Doctor insights on:
Thyroid Nodules Thick Colloid Fluid Aspirated
Fnac report of thyroid nodule-colloid, individual follicular cell n folliculr cell in cluster in haemorrhagic bckground. What it indicate?
My thyroid nodule report says rare macrophages and colloid consistent with follicular lesion of undetermined significance. Foll...lesion can't exclude?
Follow advice of end: Your Endocrinologist can guide you best. Your biopsy appears to be inadequate to make a definite diagnosis. Future follow up with an endocrinologist is advised so that your thyroid can be monitored for any further growth of this nodule which is easy to do with an ultrasound. ...Read more
Fna on thyroid nodule shows predominately hurthle cells with follicular and colloid....34yrs old....nodule 2.7cm...hurthle cells cancer??
Known thyroid nodule, colloid area recurrent cysts, now pressure/pulling on neck especially lifting arm?
Surgery: Now that your thyroid is causing you symptoms, I would advise you to consult with a surgeon about having your thyroid gland removed. ...Read more
3.5cm thyroid nodule, ultrasound found solid mass and fluid filled cysts w/ calcifications. Lymph node near carotid. Could it be cancer? Still waiting
I have thyroid nodules and I'm having a lot of thick phlegm. Also I began having pain that goes down to esophagus and up to the ear. Is that normal?
Unrelated: Hi. Thyroid nodules and phlegm are unrelated. What is your thyroid function? I assume if you were hyperthyroid, you'd tell us. Pain to esophagus? That's not very specific. Some thyroid nodules are cancerous. The workup depends on several variables including size and echogenic characteristics. To directly answer your question, thyroid nodules, thick phlegm, and pain in esophagus are not normal. ...Read more
Images: "hot" or "cold" is a term related to the appearance on nuclear medicine imaging. A "hot" nodule is one that is too active, and secretes hormone, but benign. A cold nodule takes up less tracer. About 20% of these are malignant, and so they are biopsied. Cysts will also show up cold as they are fluid rather than tissue, so this study should be interpreted along side an ultrasound. ...Read more
Generally not: Look for other causes. One uncommon cause is vocal cord dysfunction, which can feel just like an asthma attack, but is not relieved with inhalers. Esophageal spasm is another cause. Getting stuck on a preconceived diagnosis prevents the proper one from being made. See your doc, and describe your symptoms in detail to him, in order for the proper diagnosis to be made. ...Read more
Depends on type:
If cancer, surgical removal and then treatment, possibly with radioactive iodine. If benign, but causing hyperthyroidism, then treat with radioactive iodine, antithyroid medicines, or possibly surgery.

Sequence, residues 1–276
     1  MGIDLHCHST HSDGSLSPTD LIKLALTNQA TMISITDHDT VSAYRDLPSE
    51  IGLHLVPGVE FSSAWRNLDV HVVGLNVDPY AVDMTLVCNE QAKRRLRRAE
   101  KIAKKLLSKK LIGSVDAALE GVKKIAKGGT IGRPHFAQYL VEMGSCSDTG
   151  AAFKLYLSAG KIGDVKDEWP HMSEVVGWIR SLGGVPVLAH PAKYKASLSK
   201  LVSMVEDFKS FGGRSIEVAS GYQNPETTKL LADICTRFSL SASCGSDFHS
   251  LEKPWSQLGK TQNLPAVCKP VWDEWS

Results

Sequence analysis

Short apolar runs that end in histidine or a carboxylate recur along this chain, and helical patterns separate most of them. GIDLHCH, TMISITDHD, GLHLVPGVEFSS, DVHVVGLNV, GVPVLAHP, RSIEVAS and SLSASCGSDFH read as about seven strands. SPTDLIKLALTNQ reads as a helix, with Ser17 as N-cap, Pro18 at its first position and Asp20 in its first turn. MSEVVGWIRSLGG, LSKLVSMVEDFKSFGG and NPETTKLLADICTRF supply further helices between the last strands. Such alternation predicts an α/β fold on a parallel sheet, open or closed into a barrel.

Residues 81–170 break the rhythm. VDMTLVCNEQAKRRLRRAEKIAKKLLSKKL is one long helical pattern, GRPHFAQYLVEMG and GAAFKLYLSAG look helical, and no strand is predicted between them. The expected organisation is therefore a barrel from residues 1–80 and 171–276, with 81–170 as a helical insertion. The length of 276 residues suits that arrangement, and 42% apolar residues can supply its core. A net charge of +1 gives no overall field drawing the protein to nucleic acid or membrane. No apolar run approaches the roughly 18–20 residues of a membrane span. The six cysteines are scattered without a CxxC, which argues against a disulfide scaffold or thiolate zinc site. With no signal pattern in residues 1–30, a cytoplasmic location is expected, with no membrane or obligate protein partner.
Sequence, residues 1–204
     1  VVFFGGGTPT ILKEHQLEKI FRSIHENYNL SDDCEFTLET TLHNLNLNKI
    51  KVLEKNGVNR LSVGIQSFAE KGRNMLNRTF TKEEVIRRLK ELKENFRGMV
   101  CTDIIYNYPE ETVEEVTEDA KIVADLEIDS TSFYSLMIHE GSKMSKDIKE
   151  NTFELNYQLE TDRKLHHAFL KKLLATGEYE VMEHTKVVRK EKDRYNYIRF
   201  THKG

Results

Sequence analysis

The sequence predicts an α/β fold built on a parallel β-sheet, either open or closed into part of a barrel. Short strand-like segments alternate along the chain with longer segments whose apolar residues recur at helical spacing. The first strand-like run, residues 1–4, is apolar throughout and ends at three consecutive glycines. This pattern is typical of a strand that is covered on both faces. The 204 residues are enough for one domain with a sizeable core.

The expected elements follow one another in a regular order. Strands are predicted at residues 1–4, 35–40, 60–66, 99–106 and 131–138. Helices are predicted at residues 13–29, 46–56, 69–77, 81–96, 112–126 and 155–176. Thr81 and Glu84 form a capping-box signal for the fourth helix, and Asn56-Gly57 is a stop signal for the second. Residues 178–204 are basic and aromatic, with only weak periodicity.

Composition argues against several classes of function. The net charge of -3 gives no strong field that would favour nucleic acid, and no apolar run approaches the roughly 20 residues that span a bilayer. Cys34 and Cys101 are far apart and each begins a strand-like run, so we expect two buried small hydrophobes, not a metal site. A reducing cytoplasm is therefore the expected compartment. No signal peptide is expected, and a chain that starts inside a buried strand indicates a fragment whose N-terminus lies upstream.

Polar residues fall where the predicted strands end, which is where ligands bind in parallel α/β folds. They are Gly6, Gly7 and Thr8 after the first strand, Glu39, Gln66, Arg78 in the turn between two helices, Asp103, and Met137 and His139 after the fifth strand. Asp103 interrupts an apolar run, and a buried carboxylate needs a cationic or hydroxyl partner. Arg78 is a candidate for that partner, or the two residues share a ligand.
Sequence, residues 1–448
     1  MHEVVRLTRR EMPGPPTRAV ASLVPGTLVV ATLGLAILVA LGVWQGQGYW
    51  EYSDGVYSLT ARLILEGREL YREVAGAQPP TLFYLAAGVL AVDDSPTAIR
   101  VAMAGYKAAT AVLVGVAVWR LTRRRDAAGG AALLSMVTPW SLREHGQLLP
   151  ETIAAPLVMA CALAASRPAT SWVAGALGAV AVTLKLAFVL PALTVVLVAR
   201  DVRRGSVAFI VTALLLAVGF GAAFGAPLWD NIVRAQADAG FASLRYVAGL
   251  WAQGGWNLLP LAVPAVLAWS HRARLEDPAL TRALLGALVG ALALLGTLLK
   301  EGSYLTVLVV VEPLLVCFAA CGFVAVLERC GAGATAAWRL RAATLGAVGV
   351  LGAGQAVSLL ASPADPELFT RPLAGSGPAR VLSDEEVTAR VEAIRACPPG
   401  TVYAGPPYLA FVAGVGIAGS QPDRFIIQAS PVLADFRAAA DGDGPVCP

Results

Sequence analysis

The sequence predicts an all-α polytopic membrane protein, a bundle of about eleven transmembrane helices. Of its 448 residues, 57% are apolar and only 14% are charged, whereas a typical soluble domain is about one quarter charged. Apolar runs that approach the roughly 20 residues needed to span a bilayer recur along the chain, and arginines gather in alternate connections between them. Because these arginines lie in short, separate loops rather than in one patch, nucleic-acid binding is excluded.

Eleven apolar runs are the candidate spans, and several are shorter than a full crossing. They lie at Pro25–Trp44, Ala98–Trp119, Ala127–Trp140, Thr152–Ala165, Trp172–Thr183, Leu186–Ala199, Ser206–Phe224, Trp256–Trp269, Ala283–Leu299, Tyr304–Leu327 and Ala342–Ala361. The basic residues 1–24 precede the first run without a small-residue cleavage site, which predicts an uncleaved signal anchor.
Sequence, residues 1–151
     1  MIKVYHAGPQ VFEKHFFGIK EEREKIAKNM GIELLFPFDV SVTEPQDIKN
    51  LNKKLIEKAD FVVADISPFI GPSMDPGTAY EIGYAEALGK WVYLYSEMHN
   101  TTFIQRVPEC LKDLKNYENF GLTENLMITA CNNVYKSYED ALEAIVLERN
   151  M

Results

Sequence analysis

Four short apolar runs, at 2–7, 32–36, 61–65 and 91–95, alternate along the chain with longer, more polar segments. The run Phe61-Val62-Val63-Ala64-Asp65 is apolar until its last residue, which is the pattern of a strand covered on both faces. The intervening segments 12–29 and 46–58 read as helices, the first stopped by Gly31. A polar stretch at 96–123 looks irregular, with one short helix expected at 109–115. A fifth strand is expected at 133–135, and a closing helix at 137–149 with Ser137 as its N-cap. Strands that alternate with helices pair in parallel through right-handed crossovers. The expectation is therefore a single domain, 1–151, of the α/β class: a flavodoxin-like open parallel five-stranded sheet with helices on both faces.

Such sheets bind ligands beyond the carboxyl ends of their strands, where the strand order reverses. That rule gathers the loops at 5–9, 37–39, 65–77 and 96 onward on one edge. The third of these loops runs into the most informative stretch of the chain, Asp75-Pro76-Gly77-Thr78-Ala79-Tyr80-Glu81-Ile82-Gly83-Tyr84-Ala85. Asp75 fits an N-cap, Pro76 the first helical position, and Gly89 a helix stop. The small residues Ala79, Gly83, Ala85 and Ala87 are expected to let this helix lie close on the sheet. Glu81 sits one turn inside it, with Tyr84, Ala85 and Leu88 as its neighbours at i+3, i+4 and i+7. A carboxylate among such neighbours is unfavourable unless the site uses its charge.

If benign and not causing symptoms, can watch closely (after benign biopsy) or use thyroid medicine to suppress growth of the nodule. If it causes symptoms (trouble swallowing), surgery. ...Read more
Variables: Radioactive Iodine treatment for hyperthyroidism tends to have a much higher success rate than medications. Depending on the dose of radioactive iodine chosen, and the disease under treatment (Grave's vs toxic goitre, vs hot nodule etc), success rate in achieving definitive resolution of the hyperthyroidism may vary from 75-100%. A major expected side effect of radioactive iodine in hypothyroidism ...Read more
Depends: Hypoechoic, hypervascular, or calcifications on ultrasound need to be addressed particularly if the nodule is > 10mm. The solid component of a complex nodule can be benign or cancer. Typically a nodule greater than 10mm should be biopsied by ultrasound or smaller if there are calcifications or prior history of radiation or family hist. There is no ultrasound pattern that is diagnostic for cancer. ...Read more
Fewer echoes on US: Hypoechoic describes the appearance of a nodule on ultrasound (us). It refers to a nodule that reflects back fewer sound waves compared to the normal thyroid tissue around it. While most thyroid cancers are hypoechoic, most hypoechoic nodules are not cancers. But a hypoechoic nodule may have a slightly higher risk of being a cancer than other nodules. ...Read more
Not the best questn: Your better question is what steps to you need to take to increase you chance of survival with this process. Close and honest discussions with your treatment team can provide you the best answers. ...Read more
Not common: Teens can have all the thyroid conditions that older people have, but these conditions are much more rare among teens. Isolated benign nodules, multinodular goiters and thyroid cancer can all occur in this age group and need to be appropriately evaluated and treated...Just like an adult. ...Read more